The old wives’ tale of sickness from exposure to air conditioning has largely been debunked (they can even help with allergies!), but if you’ve ever gotten a nosebleed or a headache after entering or exiting a building with air conditioning, you may have been affected by thermoregulation problems that are associated with going in and out of air conditioning.
Thermoregulation is a normal physiological process designed to protect the body, but there are factors and circumstances that can cause your own thermoregulatory response to cause adverse health effects when moving to and from environments with diverse temperatures.
Going in and out of air conditioning may cause sickness by lowering the immune response. There are also immediate effects like dizziness and nose bleeds. How and when you are affected depends on personal health, temperature range, physiological response rate, behavioral responses, and frequency of change.
Physiological thermoregulation is a biological process by which a mammal’s body strictly controls an internal temperature independent of the temperatures of its surroundings. This is a process of homeostasis and is integral for survival.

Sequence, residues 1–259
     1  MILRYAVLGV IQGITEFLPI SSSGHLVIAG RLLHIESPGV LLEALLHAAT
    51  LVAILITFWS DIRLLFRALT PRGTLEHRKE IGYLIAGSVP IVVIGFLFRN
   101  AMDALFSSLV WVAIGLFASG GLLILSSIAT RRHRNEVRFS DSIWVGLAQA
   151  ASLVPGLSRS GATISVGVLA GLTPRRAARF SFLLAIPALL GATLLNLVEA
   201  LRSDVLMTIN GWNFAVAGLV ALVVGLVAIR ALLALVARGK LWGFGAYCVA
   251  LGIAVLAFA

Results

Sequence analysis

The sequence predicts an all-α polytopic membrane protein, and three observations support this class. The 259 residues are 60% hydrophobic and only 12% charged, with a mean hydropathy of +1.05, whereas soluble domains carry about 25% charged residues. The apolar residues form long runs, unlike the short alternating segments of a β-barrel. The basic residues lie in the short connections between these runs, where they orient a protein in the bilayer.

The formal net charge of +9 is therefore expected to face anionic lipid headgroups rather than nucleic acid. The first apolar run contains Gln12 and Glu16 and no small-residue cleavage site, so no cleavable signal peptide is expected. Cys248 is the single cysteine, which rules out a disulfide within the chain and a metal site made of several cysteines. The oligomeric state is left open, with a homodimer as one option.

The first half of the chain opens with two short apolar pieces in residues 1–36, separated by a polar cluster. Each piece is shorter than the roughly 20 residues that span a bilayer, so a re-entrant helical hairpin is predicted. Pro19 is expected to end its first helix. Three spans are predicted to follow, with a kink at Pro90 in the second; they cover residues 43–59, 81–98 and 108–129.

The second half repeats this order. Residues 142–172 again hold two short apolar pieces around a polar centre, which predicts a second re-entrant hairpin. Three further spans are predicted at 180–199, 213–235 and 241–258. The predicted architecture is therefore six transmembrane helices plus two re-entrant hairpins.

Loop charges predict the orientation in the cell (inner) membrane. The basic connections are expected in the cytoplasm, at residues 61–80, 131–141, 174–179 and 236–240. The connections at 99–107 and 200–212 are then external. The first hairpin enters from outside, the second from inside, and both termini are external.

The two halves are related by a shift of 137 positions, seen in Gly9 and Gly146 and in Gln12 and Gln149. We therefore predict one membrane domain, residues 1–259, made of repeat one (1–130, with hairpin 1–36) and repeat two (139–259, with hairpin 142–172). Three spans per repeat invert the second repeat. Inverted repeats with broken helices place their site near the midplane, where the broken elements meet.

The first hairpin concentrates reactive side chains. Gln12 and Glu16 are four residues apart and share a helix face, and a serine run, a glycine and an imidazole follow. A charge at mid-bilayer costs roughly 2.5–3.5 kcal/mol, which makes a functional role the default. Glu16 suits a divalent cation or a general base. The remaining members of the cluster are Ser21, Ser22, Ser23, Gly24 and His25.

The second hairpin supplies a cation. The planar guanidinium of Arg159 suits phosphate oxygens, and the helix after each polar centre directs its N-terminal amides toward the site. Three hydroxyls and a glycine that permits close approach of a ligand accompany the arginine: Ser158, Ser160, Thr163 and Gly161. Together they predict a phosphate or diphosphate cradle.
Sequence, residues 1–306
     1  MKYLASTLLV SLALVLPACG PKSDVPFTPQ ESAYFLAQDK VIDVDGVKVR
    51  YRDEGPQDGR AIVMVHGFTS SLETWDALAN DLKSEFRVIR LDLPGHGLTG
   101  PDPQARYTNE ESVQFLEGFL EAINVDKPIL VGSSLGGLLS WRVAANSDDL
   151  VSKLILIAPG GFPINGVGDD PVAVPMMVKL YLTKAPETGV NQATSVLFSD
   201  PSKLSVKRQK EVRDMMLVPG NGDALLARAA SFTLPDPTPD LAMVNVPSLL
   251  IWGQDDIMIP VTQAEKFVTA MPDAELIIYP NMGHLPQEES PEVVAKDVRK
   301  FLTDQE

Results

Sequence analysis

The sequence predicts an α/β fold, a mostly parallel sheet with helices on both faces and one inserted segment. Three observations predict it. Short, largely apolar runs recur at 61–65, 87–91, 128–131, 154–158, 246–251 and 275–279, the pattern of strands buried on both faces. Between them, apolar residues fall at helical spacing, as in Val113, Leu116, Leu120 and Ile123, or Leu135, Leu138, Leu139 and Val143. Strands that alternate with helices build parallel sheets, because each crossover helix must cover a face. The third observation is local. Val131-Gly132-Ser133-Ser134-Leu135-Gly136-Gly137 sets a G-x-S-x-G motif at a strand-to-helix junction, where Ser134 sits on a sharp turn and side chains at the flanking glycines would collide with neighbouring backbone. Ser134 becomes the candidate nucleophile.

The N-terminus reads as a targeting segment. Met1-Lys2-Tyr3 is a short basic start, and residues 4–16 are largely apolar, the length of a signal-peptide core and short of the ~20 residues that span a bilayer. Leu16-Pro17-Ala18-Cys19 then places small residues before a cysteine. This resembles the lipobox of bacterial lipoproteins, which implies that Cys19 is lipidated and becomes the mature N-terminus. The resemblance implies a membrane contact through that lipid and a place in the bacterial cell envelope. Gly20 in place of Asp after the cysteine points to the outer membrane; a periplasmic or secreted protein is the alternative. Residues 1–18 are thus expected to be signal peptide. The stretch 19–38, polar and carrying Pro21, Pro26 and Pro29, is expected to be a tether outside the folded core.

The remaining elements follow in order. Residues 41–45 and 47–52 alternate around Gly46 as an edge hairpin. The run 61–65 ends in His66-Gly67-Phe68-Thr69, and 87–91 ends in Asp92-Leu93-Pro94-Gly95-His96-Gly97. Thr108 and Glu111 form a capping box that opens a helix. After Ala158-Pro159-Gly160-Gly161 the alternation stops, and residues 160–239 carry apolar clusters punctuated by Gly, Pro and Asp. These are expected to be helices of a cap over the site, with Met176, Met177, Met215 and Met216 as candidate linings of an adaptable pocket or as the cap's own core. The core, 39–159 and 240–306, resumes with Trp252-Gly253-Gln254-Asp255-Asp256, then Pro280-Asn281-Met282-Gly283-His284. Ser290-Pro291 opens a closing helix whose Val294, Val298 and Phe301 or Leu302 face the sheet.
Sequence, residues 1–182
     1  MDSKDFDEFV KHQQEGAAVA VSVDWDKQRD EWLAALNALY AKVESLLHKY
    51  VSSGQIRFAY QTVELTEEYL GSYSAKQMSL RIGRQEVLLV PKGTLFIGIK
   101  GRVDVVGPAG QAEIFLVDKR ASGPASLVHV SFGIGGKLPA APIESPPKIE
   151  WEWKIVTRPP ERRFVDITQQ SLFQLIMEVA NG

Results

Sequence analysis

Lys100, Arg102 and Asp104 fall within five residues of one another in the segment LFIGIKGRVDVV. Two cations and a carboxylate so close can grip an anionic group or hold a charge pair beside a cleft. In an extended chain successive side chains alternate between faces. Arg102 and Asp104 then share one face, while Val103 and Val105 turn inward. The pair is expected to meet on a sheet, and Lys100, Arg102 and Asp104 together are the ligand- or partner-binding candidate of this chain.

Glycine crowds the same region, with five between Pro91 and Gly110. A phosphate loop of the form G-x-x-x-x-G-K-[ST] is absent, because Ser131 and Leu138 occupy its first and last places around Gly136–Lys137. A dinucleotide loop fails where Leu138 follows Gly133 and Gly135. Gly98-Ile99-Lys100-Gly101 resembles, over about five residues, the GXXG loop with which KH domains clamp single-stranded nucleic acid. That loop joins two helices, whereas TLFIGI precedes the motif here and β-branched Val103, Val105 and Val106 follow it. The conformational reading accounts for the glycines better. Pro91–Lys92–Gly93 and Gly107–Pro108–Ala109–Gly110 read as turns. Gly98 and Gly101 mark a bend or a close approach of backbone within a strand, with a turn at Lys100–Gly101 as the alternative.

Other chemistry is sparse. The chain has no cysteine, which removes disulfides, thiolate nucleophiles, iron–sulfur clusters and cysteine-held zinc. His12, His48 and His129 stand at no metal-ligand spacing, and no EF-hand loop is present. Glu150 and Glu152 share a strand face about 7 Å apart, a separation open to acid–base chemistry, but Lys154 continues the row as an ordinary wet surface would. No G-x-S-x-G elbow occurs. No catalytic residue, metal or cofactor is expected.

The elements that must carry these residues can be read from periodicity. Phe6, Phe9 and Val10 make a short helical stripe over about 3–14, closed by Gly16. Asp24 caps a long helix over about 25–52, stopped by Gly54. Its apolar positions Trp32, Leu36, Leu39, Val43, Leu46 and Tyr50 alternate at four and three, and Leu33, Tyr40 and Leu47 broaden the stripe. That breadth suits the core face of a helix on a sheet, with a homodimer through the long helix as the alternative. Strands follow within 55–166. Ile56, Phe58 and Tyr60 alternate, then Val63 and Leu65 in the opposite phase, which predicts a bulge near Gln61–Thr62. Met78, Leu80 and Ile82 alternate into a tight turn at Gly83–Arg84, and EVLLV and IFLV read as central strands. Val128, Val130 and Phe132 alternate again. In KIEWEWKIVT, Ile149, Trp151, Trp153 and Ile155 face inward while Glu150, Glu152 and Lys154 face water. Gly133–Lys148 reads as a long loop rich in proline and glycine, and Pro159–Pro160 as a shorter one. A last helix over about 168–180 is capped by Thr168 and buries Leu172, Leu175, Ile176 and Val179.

How the Body Loses Heat
Sweat, while not the most pleasant thing in the world, is an essential process to maintain homeostasis in the body. When your core temperature is above a certain threshold, the hypothalamus triggers your sweat glands to secrete sweat. The sweat evaporates off of your skin, removing heat from your body, a process known as evaporative cooling.
Another process that helps remove heat is the vasodilation (widening) of peripheral blood vessels. This moves blood from your core to your skin and extremities to cool down your core as heat is lost from your blood. Vasodilation is what causes you to get red when your body temperature is high.
Increased respiration is mostly attributed to the more rapid delivery of oxygen to your cells when needed, but it also cools down the body. Hot air is expelled from your lungs, which lowers your body temperature and helps achieve homeostasis.
The Body Can Also Increase Heat Production
The body also maintains homeostasis by increasing heat production through processes like shivering, goosebumps, and increased metabolic activity.
Shivering is a rapid movement of skeletal muscles triggered by your hypothalamus. This movement generates heat and helps to restore homeostasis.
Goosebumps often go along with shivering and the process involves your hair erector muscles contracting. This rising of the skin at the hair follicles creates insulation to prevent more heat from escaping.
A more internal process of creating heat is increased metabolic activity. This is a process mostly performed by the liver’s chemical procedures.
Thermoregulation Is Designed to Protect the Body